Results 1 to 2 of 2
  1. Unregistered

    Red face Help!

    My problem is I don't know what the following 'Infinitive Phrase' functions as:
    It is very difficult to explain that clearly. What does 'to explain that clearyly' function as? Please, give me some explanation.

    One more thing is about 'Indirect Object':
    I pass her a spoon.
    I pass a spoon to her.

    I know the first 'her' is Indirect object, but I am not sure the second 'her'. In general rule, the preposition 'to' + 'noun or phrase' = a prepositional phrase that functions as an adjective or an adverb. I don't know if 'to' + 'pronoun' = a prepositional phrase functioning as an adjective or adverb. Please, give me clear explanation. Thank you very much for your help.

  2. Soup's Avatar
    VIP Member
    English Teacher
    • Member Info
      • Native Language:
      • English
      • Home Country:
      • Canada
      • Current Location:
      • China

    • Join Date: Sep 2007
    • Posts: 5,882
    • Post Thanks / Like

    Re: Help!

    #1 An appositive phrase renames or describe the preceding word or phrase:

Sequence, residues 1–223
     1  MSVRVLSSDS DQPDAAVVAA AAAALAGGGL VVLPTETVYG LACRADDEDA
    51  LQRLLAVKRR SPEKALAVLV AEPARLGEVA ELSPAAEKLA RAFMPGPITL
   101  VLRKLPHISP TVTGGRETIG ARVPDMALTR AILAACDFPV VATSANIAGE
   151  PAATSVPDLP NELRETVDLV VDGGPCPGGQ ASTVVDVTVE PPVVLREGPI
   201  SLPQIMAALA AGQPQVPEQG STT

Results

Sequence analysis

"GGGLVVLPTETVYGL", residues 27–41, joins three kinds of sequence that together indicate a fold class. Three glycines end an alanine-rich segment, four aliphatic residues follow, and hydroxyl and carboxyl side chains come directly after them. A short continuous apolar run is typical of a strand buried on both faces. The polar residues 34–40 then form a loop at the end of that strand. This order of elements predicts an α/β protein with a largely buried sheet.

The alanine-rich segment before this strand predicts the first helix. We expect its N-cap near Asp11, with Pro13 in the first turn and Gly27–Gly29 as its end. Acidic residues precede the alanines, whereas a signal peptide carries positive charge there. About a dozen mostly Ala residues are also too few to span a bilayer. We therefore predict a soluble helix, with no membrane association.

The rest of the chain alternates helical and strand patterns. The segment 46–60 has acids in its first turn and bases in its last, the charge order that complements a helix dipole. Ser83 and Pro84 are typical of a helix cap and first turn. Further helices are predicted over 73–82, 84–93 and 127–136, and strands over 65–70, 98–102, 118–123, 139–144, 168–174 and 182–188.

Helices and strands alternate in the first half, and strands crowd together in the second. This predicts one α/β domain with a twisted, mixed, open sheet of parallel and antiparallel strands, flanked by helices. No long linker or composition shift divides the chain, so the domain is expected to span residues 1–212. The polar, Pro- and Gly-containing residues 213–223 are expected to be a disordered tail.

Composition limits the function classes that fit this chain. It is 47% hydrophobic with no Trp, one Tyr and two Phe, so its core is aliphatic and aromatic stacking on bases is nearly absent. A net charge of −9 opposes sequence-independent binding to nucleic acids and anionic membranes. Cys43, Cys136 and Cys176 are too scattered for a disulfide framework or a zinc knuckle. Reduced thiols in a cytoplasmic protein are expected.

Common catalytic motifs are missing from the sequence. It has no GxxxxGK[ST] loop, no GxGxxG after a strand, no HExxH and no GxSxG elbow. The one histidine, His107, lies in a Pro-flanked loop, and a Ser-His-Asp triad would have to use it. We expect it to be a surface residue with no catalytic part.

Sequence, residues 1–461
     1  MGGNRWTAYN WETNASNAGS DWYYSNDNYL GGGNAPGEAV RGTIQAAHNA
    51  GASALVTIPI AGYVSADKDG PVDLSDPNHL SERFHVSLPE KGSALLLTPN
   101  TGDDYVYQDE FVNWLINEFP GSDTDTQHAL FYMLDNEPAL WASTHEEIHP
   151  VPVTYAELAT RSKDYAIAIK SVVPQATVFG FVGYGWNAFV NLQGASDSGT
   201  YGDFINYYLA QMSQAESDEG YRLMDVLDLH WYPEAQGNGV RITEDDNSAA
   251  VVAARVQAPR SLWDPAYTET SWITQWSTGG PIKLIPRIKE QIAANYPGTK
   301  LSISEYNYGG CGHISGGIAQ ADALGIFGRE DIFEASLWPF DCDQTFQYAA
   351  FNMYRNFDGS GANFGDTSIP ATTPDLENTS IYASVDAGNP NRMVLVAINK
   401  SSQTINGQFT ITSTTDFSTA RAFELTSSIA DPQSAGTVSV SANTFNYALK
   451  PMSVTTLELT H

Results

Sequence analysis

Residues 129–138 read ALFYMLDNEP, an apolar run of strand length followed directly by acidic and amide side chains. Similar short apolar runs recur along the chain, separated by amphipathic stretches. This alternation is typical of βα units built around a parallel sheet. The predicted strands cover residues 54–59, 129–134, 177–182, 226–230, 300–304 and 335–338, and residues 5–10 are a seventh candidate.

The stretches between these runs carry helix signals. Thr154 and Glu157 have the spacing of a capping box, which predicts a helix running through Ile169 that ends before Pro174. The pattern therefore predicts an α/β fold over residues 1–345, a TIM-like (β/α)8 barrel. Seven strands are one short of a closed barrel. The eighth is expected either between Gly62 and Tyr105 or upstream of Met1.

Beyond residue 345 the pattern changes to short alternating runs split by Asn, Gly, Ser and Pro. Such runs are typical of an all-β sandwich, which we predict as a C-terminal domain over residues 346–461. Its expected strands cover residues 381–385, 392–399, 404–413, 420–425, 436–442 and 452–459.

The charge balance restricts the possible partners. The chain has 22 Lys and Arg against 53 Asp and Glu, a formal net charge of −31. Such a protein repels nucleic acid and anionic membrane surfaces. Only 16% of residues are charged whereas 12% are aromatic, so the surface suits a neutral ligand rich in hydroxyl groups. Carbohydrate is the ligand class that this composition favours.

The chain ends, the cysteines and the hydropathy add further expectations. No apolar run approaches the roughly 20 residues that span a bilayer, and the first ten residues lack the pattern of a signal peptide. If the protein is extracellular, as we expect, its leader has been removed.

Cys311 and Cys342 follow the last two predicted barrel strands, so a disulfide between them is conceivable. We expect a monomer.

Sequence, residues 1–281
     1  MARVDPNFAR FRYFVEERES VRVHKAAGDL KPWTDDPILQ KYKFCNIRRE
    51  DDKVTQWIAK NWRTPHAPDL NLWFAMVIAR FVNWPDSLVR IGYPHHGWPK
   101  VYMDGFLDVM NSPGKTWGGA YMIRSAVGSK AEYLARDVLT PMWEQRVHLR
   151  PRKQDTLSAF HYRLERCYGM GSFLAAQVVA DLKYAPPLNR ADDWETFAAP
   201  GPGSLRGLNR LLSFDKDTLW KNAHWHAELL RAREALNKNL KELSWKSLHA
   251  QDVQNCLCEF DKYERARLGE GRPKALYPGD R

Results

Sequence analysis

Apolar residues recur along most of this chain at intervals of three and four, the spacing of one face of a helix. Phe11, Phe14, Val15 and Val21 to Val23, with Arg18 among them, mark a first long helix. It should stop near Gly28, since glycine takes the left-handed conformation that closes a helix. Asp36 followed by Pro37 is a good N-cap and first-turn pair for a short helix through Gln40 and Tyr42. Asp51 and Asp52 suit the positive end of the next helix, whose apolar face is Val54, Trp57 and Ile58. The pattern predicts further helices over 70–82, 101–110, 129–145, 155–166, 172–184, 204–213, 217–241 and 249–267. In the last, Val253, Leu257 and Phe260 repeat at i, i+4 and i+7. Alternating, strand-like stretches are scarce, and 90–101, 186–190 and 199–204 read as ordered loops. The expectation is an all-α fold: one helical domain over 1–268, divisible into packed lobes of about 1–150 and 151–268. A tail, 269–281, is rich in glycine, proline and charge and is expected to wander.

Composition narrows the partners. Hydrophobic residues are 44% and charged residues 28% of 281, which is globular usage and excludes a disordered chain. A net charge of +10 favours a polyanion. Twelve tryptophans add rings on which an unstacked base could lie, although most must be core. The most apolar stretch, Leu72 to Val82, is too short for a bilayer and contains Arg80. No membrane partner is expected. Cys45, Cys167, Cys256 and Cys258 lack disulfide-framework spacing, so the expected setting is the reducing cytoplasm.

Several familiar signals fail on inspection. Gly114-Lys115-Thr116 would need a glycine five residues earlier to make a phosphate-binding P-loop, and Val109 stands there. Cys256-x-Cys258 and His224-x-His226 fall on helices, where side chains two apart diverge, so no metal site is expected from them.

It can be difficult to write clearly.

    Appositive test
    Question: What can be difficult?
    Answer: To write clearly.
    Here's another test. If you move the to-infinitive to the subject position and the resulting sentence is grammatical, you'll know it was appositive phrase:
    It can be difficult to write clearly. <appositive>
    To write clearly can be difficult. <subject>

    #2 When the verb's indirect object (e.g., her) takes the form of a prepositional phrase (e.g., to her), it describes where the direct object is moved and so it functions as an adverb:
    Indirect object: I pass her a spoon.
    Adverbial phrase: I pass a spoon to her.


Posting Permissions

  • You may not post new threads
  • You may not post replies
  • You may not post attachments
  • You may not edit your posts